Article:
UBC Theses and Dissertations
Place and culture in identity construction and negotiation : the case of Hong Kong Me, Carmut
Identity, a contested subject in postcolonial and global cities, is discussed in this thesis as a construct that is represented in the processes of cultural production and consumption of “places”. The postcolonial global city is where identities and cultures blend and contradict, and also where new identities and cultures arise. Portrayed as a space of “in-between” - not entirely “Western” nor exclusively Chinese, Hong Kong demonstrates the complexities of multiple global cultural flows mixing with local and national aspirations of identity. Exactly at a time when the new government and citizens are grasping the identity and culture that is unique to Hong Kong, it threatens to “disappear” in a political and cultural sense (Abbas, 1997). The struggles to define Hong Kong’s identity are exemplified in the outcomes and negotiations of the city’s spatial processes – urban development, renewal, and heritage preservation. Two cases in the cultural production of space are investigated. As studies in contrast: the grand development of the to-be international arts destination West Kowloon Cultural District that symbolizes Hong Kong’s global aspiration, and the local residents’ struggle for the preservation of Wing Lee Street representing the values of Hong Kong’s working class. The narratives of identity projected by those in power (elites, states, markets) are found to contradict with how Hong Kong people identify themselves and their city, and these contradictions are demonstrated in the place negotiations in the city.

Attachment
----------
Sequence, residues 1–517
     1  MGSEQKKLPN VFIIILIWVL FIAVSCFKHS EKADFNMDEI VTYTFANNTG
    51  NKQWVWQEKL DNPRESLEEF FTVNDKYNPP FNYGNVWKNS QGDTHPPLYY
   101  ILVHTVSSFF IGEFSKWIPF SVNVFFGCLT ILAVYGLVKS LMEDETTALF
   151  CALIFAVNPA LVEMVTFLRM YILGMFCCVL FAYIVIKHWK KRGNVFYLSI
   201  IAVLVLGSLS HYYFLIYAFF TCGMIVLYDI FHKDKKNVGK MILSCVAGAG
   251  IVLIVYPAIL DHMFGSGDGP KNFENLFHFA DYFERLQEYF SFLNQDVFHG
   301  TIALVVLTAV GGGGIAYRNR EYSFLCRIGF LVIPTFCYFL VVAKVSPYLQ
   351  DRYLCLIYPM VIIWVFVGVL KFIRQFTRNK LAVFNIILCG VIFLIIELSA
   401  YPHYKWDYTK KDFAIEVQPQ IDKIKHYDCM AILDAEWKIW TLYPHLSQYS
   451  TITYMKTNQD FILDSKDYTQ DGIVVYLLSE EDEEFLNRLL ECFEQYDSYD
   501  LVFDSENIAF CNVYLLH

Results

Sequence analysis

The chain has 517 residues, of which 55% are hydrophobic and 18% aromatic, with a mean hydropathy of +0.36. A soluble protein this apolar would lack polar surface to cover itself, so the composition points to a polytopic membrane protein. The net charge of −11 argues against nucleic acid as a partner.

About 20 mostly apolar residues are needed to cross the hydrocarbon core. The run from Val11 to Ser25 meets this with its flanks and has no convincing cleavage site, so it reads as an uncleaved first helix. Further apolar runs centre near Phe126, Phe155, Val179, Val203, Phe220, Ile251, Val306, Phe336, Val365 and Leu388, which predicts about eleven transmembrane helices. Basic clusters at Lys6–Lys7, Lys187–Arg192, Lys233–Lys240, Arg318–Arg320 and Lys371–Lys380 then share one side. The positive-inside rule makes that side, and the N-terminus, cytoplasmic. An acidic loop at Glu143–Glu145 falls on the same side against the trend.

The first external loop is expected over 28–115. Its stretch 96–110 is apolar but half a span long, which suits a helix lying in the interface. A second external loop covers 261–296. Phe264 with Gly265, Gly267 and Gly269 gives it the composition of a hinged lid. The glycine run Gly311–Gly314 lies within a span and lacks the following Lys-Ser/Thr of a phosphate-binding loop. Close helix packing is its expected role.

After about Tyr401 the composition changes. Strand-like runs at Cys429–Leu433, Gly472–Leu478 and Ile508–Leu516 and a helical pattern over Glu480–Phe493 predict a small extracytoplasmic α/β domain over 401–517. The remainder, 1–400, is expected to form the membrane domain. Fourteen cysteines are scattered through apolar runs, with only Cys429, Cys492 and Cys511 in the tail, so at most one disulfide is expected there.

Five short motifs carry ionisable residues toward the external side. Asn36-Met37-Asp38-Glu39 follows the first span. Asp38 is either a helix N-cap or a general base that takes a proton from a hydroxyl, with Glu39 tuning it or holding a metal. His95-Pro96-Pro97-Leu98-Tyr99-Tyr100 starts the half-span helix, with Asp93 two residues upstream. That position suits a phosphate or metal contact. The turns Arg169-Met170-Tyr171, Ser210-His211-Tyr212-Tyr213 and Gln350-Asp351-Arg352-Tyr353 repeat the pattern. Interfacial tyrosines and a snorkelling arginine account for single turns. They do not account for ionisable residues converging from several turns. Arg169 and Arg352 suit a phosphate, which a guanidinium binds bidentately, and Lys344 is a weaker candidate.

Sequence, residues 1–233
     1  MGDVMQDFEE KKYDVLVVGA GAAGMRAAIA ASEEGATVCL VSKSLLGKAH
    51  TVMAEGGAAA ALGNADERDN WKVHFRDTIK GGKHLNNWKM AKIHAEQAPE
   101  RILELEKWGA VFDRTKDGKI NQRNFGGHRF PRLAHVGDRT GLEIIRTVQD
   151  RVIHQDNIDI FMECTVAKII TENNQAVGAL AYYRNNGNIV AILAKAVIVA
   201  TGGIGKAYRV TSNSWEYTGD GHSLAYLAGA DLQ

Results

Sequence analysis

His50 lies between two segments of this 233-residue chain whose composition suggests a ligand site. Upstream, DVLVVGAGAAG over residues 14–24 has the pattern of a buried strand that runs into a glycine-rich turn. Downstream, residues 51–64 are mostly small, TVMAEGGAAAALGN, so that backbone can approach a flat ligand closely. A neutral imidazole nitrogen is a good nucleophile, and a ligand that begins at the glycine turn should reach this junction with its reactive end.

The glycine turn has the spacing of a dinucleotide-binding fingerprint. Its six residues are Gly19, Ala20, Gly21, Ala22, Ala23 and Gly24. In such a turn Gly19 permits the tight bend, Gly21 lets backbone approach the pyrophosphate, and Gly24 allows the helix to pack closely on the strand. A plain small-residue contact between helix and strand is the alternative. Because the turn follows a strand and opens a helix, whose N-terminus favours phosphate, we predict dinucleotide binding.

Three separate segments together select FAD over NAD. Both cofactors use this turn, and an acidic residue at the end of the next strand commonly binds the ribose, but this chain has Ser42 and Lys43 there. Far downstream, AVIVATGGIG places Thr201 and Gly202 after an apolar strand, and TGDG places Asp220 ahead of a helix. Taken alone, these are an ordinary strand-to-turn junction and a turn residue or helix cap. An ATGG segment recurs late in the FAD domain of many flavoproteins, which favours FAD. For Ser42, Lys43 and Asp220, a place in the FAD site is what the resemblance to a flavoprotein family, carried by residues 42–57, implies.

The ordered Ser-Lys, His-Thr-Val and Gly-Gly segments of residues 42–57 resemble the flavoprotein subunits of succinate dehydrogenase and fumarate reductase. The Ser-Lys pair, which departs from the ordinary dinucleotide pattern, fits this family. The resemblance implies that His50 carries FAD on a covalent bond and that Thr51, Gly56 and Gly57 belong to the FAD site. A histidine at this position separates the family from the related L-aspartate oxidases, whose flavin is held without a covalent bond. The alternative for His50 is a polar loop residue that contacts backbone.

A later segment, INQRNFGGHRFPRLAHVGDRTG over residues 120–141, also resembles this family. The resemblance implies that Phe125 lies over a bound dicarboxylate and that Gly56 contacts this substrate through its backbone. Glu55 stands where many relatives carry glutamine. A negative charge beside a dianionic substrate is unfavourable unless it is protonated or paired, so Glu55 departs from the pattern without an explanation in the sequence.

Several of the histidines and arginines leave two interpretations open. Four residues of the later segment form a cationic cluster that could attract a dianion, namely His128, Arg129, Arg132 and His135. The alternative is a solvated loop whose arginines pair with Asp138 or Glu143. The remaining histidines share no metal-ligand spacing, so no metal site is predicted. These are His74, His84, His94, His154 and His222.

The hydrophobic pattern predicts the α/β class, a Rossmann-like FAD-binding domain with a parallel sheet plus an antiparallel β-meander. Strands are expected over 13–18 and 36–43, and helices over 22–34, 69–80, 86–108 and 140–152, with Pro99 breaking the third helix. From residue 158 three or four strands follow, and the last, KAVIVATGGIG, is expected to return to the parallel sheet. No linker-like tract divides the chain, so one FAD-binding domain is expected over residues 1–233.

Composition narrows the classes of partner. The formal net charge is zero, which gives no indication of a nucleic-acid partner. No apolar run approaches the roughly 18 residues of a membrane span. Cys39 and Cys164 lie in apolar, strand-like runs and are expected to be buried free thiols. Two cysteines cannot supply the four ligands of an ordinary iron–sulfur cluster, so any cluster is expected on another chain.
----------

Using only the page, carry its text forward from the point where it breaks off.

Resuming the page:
Item Citations and Data
Attribution-NonCommercial-NoDerivatives 4.0 International